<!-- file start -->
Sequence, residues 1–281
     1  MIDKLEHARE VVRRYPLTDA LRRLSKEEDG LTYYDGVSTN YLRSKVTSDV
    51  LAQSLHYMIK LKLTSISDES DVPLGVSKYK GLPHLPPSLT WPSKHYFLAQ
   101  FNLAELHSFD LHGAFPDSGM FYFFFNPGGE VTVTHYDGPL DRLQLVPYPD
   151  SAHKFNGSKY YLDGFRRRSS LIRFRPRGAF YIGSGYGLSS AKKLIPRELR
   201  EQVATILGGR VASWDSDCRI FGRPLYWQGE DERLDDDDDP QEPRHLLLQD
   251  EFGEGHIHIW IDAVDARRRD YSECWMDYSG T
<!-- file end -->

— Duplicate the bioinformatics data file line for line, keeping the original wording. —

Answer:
Sequence, residues 1–281
     1  MIDKLEHARE VVRRYPLTDA LRRLSKEEDG LTYYDGVSTN YLRSKVTSDV
    51  LAQSLHYMIK LKLTSISDES DVPLGVSKYK GLPHLPPSLT WPSKHYFLAQ
   101  FNLAELHSFD LHGAFPDSGM FYFFFNPGGE VTVTHYDGPL DRLQLVPYPD
   151  SAHKFNGSKY YLDGFRRRSS LIRFRPRGAF YIGSGYGLSS AKKLIPRELR
   201  EQVATILGGR VASWDSDCRI FGRPLYWQGE DERLDDDDDP QEPRHLLLQD
   251  EFGEGHIHIW IDAVDARRRD YSECWMDYSG T